The shaping guide of the present invention is adjustable with respect to the handle of the alignment guide so that a posterior femoral condylar sighting guide which is fixed to the surface of the main body comprising the shaping guide can be used to direct raising or lowering of the cutting guide surfaces. This permits the posterior and posterior bevel aspects of the femoral condyle to be shaped relative to the edge of the posterior femoral condylar surface. The main body of the shaping guide, which attaches to the handle of the alignment guide, remains fixed to the handle after the main body is adjusted relative to the posterior femoral condyle. Preferably, the main body contains at least one shaping guide surface formed as a part of the main body. It is preferred that the main body contain integrally formed shaping guide surfaces for shaping the anterior or posterior aspects of one of the distal femoral condyles and, more preferably, further contain bevel cutting guide surfaces. Preferably the body of the guide also is reversible so that it may be used alternately to shape either a medial or lateral condyle.
With the exception of the distal femoral saw guide, the main body contains all shaping guide surfaces required to complete the shaping of one femoral condyle, formed as an integral part of the main body and no further shaping guides need be attached to the main body during the process of shaping the distal femur.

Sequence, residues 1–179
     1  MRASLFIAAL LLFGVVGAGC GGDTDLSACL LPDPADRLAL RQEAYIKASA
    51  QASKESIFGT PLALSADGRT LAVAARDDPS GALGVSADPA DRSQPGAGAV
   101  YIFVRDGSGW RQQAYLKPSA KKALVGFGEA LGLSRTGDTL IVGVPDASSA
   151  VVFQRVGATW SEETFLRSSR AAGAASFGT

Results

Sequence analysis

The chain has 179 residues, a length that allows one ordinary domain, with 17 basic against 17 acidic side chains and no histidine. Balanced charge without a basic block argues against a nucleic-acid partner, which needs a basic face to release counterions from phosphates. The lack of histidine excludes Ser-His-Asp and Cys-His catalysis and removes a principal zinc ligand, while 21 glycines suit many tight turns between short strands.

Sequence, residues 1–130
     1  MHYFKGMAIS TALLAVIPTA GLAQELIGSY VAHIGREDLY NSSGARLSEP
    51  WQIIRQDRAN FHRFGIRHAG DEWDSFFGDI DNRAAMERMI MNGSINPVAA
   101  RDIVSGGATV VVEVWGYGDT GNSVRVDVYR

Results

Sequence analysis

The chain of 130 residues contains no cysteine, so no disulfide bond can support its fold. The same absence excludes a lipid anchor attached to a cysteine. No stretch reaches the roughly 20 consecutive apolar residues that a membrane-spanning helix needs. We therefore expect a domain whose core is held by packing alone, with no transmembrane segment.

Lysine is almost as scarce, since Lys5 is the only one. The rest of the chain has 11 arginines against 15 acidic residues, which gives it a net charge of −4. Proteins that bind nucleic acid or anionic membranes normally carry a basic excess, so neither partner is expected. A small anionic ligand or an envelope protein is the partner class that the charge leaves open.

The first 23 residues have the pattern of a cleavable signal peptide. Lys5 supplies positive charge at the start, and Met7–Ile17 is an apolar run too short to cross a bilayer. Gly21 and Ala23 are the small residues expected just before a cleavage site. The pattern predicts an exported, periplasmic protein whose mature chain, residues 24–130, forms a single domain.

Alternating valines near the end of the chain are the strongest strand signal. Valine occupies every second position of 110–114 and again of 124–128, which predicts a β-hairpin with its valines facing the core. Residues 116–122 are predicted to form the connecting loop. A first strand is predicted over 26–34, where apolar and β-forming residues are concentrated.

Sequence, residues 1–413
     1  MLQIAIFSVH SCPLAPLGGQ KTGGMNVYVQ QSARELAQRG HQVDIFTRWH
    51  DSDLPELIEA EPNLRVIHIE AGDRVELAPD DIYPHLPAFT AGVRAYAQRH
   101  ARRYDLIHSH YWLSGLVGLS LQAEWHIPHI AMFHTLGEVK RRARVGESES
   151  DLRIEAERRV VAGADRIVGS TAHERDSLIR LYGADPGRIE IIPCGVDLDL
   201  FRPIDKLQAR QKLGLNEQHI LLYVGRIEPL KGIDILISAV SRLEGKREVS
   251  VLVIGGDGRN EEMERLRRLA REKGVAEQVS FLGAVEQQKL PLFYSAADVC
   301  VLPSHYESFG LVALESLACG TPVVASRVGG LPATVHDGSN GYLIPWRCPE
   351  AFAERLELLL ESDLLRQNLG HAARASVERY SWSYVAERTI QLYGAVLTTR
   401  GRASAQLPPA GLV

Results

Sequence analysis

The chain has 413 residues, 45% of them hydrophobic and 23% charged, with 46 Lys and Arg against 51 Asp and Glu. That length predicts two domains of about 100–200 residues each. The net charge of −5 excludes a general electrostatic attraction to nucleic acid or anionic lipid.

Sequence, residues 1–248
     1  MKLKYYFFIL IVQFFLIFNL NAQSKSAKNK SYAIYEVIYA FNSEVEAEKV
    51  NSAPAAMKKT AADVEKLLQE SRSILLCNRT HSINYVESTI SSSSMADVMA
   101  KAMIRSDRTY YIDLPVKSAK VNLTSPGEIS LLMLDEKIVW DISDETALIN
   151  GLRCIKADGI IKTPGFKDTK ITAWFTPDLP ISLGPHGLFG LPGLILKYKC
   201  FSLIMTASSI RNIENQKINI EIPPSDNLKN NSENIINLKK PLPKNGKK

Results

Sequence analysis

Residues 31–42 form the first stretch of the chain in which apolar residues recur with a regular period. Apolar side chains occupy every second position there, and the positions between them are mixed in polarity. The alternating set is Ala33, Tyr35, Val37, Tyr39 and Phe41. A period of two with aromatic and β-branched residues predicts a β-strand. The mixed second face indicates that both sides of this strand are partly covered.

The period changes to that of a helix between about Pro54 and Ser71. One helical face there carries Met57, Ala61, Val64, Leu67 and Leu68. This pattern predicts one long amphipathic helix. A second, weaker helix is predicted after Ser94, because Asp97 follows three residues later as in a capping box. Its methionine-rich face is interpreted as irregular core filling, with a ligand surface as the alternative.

The above and other objects, features, and advantages of the present invention will become apparent to those skilled in the art upon an examination of the following description and drawings which are illustrative of the present invention.
In the Drawings:
FIG. 1 is a front view of main body 12 of the femoral shaping guide 10 of the present invention.
FIG. 2 is a right side view of FIG. 1, and,
FIG. 3 is a side perspective view showing intramedullary alignment guide 21 inserted into the intramedullary canal of femur 20 using main body 12 (with parts broken away) as an alignment guide.